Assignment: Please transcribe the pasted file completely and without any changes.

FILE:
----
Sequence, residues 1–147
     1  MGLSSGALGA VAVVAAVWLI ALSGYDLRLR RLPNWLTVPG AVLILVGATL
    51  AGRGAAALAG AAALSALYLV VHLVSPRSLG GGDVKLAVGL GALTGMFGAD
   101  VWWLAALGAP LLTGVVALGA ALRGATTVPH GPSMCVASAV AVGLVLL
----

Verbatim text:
Sequence, residues 1–147
     1  MGLSSGALGA VAVVAAVWLI ALSGYDLRLR RLPNWLTVPG AVLILVGATL
    51  AGRGAAALAG AAALSALYLV VHLVSPRSLG GGDVKLAVGL GALTGMFGAD
   101  VWWLAALGAP LLTGVVALGA ALRGATTVPH GPSMCVASAV AVGLVLL